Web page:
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'Tower Heist' plays it safe 

The ensemble comedy from schlock-master Brett Ratner is slick and occasionally funny.

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There aren't many Ben Stiller movies that you would refer to by the director's name, but in the case of "Tower Heist," a mildly cathartic, modestly amusing comedy, we find a Ben Stiller movie that is most definitely a Brett Ratner movie. Ratner, the onetime music video wunderkind, is now best known for the "Rush Hour" series plus "Red Dragon" and "X-Men: The Last Stand" and for generally rejecting logic in lieu of spectacle. If you wondered which director would one day (spoiler alert) find a way to dangle Matthew Broderick off the side of a skyscraper, or to have someone drive a delivery truck up through a Macy's Thanksgiving Day Parade marching band formation, or to (blessedly) wash out family-friendly Eddie Murphy's mouth with a bar of vulgarity, look no further. The visuals and the music are slicker than your teeth after a trip to the dentist. Some of the jokes are even kind of funny. Sure, the script contains all of two, maybe two-and-a-half surprises, but the audience in the screening I attended literally clapped at the end, so whaddayagonnado.

The ubiquitous trailer is the most thorough of any movie in recent memory, but let's recap for those who haven't been to a multiplex release in the past month or so. Stiller is Josh, the manager of New York's schmanciest high-rise condo tower (itself played by the Trump Tower), where an array of dowagers and Wall Street types pay through the nose for awesome security and 'round-the-clock feting by the staff. The penthouse is owned by a billionaire money manager named Arthur Shaw, acted beautifully as a black-hearted, patronizing fiend by Alan Alda. He and Josh enjoy a rapport, even playing online chess against one another, but when Shaw is busted for having defrauded his clients — the building employees' pension fund among them — Josh melts down, gets fired from the tower and conspires to steal the tens of millions in cash he figures, going on a tip by FBI agent Téa Leoni, must be secreted in Shaw's lair, with its massive Warhol Mao on the wall.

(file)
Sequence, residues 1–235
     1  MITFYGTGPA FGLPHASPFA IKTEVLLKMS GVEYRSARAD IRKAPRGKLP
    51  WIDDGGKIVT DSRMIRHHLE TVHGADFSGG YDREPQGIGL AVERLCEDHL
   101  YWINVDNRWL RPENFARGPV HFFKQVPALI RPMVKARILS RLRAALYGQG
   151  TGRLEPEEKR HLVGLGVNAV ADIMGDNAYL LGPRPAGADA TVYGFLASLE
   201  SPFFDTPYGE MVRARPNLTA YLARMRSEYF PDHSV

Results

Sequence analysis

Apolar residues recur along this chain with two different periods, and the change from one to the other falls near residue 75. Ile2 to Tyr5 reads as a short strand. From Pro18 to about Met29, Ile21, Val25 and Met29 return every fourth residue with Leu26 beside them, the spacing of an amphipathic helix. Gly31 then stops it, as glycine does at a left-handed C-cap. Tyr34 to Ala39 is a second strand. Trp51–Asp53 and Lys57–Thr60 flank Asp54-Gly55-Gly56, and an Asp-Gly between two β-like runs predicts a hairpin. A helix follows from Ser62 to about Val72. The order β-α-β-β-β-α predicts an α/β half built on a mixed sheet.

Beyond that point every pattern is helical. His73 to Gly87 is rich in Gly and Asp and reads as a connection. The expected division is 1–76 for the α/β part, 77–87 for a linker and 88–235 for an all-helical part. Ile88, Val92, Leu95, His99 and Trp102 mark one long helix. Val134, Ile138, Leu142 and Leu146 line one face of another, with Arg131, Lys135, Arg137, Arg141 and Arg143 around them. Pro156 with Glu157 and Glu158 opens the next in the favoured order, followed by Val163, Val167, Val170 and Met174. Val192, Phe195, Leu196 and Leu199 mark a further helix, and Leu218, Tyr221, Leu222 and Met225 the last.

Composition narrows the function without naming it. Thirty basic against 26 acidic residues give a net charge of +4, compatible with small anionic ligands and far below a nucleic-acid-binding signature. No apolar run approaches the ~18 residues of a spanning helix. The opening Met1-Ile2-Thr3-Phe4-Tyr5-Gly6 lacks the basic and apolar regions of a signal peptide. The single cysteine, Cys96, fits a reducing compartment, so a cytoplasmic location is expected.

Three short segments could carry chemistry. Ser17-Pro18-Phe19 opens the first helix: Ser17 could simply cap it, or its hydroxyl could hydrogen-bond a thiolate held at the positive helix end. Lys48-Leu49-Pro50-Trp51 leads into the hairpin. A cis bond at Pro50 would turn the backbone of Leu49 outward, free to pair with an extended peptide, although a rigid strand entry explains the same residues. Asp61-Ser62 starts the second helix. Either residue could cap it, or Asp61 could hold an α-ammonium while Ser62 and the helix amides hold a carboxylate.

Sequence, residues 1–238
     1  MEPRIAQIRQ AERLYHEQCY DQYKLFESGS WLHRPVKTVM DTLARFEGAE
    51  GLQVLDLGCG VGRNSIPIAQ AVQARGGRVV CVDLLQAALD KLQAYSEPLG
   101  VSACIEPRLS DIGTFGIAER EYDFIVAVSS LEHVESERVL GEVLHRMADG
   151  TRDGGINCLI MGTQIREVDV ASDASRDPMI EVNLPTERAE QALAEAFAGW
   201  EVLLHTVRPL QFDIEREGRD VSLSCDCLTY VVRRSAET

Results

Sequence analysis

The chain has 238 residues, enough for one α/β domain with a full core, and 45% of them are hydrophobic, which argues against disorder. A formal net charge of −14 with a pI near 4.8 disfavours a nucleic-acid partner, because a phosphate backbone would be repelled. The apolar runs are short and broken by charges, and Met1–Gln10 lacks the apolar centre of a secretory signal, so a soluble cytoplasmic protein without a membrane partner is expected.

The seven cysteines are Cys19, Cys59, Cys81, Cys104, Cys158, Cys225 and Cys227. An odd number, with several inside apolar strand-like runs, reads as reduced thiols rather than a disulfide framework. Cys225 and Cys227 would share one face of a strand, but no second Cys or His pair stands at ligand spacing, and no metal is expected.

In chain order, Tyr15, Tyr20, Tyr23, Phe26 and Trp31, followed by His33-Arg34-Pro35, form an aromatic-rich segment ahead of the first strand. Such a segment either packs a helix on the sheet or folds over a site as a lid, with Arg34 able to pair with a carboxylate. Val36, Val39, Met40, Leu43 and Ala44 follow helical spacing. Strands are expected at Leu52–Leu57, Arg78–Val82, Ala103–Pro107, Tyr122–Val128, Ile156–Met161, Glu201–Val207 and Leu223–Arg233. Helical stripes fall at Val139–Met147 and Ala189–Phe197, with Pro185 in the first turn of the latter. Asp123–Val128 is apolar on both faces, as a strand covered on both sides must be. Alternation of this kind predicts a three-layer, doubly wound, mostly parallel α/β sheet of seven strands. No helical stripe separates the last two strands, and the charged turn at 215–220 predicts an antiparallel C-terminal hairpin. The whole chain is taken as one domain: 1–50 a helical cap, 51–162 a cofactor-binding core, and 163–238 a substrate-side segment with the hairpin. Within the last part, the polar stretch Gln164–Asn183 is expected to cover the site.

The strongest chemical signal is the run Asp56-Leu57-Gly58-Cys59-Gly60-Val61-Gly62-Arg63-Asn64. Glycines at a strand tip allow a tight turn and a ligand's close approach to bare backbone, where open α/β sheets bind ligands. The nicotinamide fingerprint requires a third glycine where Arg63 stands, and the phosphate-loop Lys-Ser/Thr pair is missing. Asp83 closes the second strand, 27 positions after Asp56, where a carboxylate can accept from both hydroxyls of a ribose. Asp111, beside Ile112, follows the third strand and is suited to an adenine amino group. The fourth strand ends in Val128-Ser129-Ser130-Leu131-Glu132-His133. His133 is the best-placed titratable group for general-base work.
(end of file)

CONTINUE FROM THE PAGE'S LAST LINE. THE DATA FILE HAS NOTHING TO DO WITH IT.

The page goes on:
What follows is a bit like "Ocean's 11," without the star wattage, the gadgets or the attention to, like, detail. Josh conscripts a Merrill Lynch washout (that would be Broderick, flaccidly), the building concierge (Casey Affleck, likeably) and a recent-hire bellhop (Michael Peña) to join him in taking the place down from the inside, sort of. To bolster their felonious cred, he also enlists Murphy's fast-talking, hard-squinting small-timer Slide out of the clink to offer pointers. Gabourey Sidibe — known to most for her title role in "Precious" — is memorable as a ferocious, lascivious Jamaican housekeeper.

Naturally you root for the ragtag band of service workers, so accustomed to being the lickspittles to the financial titans who overlook both Central Park and Times Square while reading their morning Wall Street Journal. But "Tower Heist," for its fairly talented cast, doesn't reach much beyond the obvious pathos. The working stiffs are, for the most part, still pretty stiff by the end of the film; save for some manic delivery by Murphy, and one unexpectedly absurdist discourse digression about lesbians, there's not a great deal of comedy here to recommend. It may be a tad more gratifying to anyone who was bilked by Bernie Madoff, or anyone hoping to enjoy this Occupy Wall Street moment from the comfort of stadium seating, watching a multiculti band of marginal screwups try to chisel eight figures out of a scoundrel. Ratner could certainly do worse than a caper with which 99 percent of the potential audience can identify.

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